Fox's latest sports venture raises visibility, some ire


November 21, 1994|By MILTON KENT

On Dec. 17, Fox Sports will celebrate the first anniversary of the biggest acquisition in sports broadcasting history, the lifting of NFL telecasts from CBS -- a rights holder for 38 years.

That heist alone was enough to shake the industry to its foundation, but the new kids in town have hardly stopped there.

Since football kicked off in September, Fox has made forays into professional hockey and now golf, with last week's announcement that it will sponsor and televise a new World Golf Tour that seeks to challenge the PGA.

In the process, Fox has again defied conventional wisdom and left many wondering what's next.

"They put everyone on notice by getting the NFL. This just keeps everyone on their toes," said John Mansell, of Paul Kagen Associates, a California-based media analysis and consulting company.

The new golf tour -- which pledges up to $3 million in prize money at each event and a $1 million bonus to the year's top player -- intends to bring the top international players together in at least seven tournaments next year, some of which will run in direct competition with PGA Tour events.

And though PGA commissioner Tim Finchem has expressed opposition to the World Tour, saying the new tour could have a "negative impact on existing events," the newly created organization already has lured one big name to its tent: Greg Norman. Norman is a close friend of Fox chairman and fellow Australian Rupert Murdoch.

Fox's move seems peculiar, because golf's demographics appear contrary to the younger, hipper audience the network of Bart Simpson seeks and the ratings are usually low.

But golf does attract a more affluent clientele that also is attractive to advertisers.

Murdoch, who stunned the sports world last December with the successful $1.58 billion bid for NFL rights, has once again pushed himself and his company into the faces of the traditional Big Three networks -- ABC, CBS and NBC.

Fox beat CBS by $5 million in its bid for NHL regular-season and playoff telecasts, because the majority of the PGA's televised weekly events air on CBS.

Early in September, newly installed CBS Sports president David Kenin, who came to the network after it lost football, expressed mild exasperation with Fox.

"They have bought their way in. They have not been bottom fishermen," said Kenin. "They have not been people waiting for something that is at a troubled level and then gone in and bought it and then made something of it."

Kenin predicted that Fox's presence in the marketplace will "increase the demand on a limited supply" of programming, thereby "raising the prices and changing the game."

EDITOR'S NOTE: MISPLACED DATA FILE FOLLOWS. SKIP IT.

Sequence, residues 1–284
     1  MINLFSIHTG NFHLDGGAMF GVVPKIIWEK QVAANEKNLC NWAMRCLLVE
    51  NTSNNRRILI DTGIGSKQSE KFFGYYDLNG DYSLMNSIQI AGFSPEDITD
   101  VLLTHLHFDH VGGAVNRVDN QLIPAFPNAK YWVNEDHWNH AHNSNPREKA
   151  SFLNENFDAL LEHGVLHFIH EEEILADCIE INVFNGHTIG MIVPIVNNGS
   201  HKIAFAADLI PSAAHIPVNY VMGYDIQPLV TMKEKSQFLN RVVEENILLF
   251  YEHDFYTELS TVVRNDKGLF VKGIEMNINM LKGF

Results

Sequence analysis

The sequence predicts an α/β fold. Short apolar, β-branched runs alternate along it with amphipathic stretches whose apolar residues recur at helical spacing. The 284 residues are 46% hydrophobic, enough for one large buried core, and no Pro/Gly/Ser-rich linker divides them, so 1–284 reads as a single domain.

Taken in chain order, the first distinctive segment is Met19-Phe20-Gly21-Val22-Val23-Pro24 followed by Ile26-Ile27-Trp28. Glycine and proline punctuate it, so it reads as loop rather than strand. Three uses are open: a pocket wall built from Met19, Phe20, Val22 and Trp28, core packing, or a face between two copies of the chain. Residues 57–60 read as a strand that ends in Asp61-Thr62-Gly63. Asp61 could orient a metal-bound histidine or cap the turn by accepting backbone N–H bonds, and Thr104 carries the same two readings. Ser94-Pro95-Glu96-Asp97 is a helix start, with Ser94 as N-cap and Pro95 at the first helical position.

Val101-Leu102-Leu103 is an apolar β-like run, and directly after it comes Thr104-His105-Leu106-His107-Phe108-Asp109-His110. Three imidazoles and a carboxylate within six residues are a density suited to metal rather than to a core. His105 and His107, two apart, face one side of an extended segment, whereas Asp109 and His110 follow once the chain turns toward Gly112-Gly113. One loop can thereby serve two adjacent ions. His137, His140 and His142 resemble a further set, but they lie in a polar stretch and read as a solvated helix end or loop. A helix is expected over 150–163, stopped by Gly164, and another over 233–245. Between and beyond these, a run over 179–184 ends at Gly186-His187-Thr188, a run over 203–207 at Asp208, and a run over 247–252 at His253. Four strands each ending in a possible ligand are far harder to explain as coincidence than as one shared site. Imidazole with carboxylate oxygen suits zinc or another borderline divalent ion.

Indeed, published reports indicated that Fox, in an effort to buy the rights to Wimbledon from NBC and Home Box Office, bid significantly higher than expected, though its bid is considered likely to fail.

And though Fox is expected to lose tons of money on its football and hockey efforts, many believe Murdoch already has achieved his main goal: raise the visibility of his 8-year-old network.

NBC Sports President Dick Ebersol said last month that in money terms, Fox's success likely couldn't be measured for two years. But Ebersol acknowledged that by acquiring football, Fox has made itself more attractive to advertisers and possible affiliates.

In fact, not long after it got NFL rights, Fox staged another huge coup, converting 11 New World Communications stations from CBS affiliation to Fox, mostly all in larger markets such as Atlanta, Cleveland, Dallas, Detroit, Phoenix, St. Louis and Tampa, Fla.

Though in most markets such as Baltimore, Fox's affiliates are on lower-powered UHF stations, the network has VHF affiliations in most of the nation's top 25 markets.

And Fox may not be done yet acquiring sports properties.

Mansell said the network may bid on major-league baseball if, as many believe, the Baseball Network does not reach $330 million in advertising revenues after the 1995 season, thus triggering an out clause in the six-year contract baseball signed with ABC and NBC before the '94 season.

And the biggest prize may be down the line, when bids for the Summer Olympics in Sydney, Australia, in 2000 are accepted.

Murdoch is said to crave the chance to televise the world's biggest sports spectacle from his home turf to the rest of the planet.

The last year has proven that usually what Rupert wants, Rupert gets.

Poor choice of words

Don't blame ESPN for Tim Gullikson's brief but unfortunate guest appearance in the booth during Friday's play in the ATP World Championships in Frankfurt, Germany.

Gullikson said Andre Agassi was "playing Jewish tennis," saying, "He's not giving any points away for free." He said he was quoting Brad Gilbert, Agassi's coach, who is Jewish.

No matter. Gullikson should have known better than to repeat something so stereotypical and offensive. Thankfully, analyst Mary Carillo apologized for ESPN.

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